But as holiday shopping ramps up, don’t forget: people are buying gifts, not shopping for themselves. If your targeting engine is set up to promote products based on past purchases made in the off-season, you’re wasting your time. Instead, target based on items they have browsed, clicked or added to their cart or favorites in the past few weeks. If your application or site allows for push messaging or email integration, follow up with messages around those products and/or promotions. And once again, make price comparisons and your sale items easy to find and navigate to on the small screen.

Poorly Designed Error Messaging at the POS

Imagine your prospective buyer with his smartphone in one hand and credit card in the other, precariously typing his card number, expiration date and security code with his thumbs. He hits the submit button and BOOM—no dice. An error has occurred; was it a wrong number? Wrong zip code? Invalid code? The real question is, does your mobile shopper even know what happened? Or is he just giving up, leaving you with yet another abandoned mobile cart to add to your analytics report?

Testing error messaging options is an important component for any site, but it’s especially crucial for small mobile screens. Most user-input errors occur during checkout, registration or form process. Careful attention should be paid to the location, design, display and wording of your error messages. If a mobile visitor can’t see or understand it, repeated frustrations will only lead that customer away from your site before the most important conversion of all—the sale.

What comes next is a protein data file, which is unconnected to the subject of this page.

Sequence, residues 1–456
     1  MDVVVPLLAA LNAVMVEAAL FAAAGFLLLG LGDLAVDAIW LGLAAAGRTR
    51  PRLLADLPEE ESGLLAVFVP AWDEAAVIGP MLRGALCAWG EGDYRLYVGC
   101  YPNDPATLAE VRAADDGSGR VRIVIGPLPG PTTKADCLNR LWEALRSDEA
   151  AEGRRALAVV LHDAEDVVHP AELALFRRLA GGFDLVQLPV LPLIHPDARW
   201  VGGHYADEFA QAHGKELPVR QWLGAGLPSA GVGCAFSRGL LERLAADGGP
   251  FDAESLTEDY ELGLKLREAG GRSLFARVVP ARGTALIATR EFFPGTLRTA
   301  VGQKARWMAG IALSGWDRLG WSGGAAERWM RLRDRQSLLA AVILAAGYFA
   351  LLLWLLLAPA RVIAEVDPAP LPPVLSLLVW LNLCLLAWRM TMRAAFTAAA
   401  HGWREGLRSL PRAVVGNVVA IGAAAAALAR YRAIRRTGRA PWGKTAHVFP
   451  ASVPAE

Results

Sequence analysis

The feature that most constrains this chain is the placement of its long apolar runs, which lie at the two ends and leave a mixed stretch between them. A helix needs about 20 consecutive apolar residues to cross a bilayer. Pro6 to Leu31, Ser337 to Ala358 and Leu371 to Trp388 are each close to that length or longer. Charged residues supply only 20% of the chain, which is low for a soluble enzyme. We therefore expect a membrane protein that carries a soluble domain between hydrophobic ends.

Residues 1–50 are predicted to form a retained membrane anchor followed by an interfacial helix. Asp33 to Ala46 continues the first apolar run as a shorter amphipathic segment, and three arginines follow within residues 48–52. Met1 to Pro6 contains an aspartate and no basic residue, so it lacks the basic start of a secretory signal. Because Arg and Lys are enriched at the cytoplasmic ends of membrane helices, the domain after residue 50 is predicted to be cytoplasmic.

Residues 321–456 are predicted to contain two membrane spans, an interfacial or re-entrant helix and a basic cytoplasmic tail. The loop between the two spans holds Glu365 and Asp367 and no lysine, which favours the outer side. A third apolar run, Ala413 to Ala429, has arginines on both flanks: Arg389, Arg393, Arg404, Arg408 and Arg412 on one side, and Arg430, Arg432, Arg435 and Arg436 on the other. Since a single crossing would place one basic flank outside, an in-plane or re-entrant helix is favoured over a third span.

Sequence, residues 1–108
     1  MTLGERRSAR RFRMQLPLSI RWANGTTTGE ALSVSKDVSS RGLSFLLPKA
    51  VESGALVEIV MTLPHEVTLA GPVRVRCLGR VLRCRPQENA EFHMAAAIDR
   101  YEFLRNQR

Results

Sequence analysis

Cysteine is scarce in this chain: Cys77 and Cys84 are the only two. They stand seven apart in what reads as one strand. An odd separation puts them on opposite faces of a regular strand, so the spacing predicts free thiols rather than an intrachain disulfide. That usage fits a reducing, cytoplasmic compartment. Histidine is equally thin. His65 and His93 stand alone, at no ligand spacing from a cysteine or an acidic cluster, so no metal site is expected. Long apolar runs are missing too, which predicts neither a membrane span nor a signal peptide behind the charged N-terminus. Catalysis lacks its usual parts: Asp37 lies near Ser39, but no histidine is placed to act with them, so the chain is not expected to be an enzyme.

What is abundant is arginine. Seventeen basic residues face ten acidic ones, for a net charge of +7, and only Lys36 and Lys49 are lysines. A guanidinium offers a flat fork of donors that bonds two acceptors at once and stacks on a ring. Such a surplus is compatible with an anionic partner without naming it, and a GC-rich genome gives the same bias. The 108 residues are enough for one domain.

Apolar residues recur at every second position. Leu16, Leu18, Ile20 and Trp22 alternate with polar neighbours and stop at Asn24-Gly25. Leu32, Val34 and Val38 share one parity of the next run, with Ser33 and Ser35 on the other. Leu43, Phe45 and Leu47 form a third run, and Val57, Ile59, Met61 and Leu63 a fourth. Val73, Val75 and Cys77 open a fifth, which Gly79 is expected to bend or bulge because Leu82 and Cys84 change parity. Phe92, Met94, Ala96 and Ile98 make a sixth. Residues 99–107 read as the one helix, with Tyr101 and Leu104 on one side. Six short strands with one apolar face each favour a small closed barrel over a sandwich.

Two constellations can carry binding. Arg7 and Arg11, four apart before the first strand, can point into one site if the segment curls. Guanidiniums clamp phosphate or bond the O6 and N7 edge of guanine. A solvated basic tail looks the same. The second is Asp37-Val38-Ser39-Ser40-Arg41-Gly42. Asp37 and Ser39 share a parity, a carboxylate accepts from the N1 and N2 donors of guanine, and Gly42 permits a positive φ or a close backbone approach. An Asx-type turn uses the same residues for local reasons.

Written by Paul Dunay
Paul Dunay is an award-winning B2B marketing expert with more than 20 years’ success in generating demand and creating awareness for leading technology, consumer products, financial services and professional services organizations. Paul is the global vice president of marketing for Maxymiser a leading web optimization firm, and author of four “Dummies” books: Facebook Marketing for Dummies (Wiley 2009), Social Media and the Contact Center for Dummies (Wiley Custom Publishing 2010), Facebook Advertising for Dummies (Wiley 2010) and Facebook Marketing for Dummies 2nd Edition (Wiley 2011). His unique approach to marketing has led to recognition of Paul as a BtoB Magazine Top 25 B2B Marketer of the Year for 2010 and 2009 and winner of the DemandGen Award for Utilizing Marketing Automation to Fuel Corporate Growth in 2008. He is also a finalist for the last six years in a row in the Marketing Excellence Awards competition of the Information Technology Services Marketing Association (ITSMA), and is a 2010 and 2005 gold award winner in Driving Demand. Buzz Marketing for Technology, Paul’s blog, has been recognized as a Top 20 Marketing Blog for 2009 and 2008, a Top Blog to Watch for 2009 and 2008, and an Advertising Age Power 150 blog in the “Daily Ranking of Marketing Blogs.” Paul has shared his marketing thought leadership as a featured speaker for the American Marketing Association, BtoB Magazine, CMO Club, MarketingProfs, Marketing Sherpa, Marketing Executives Networking Group (MENG), and ITSMA. He has appeared on Fox News, and his articles have been featured in BusinessWeek, The New York Times, BtoB Magazine, MarketingProfs and MarketingSherpa. Paul holds an Executive Certificate in Strategy and Innovation from MIT’s Sloan School of Management and a bachelor’s degree in Marketing and Computer Science from Ithaca College.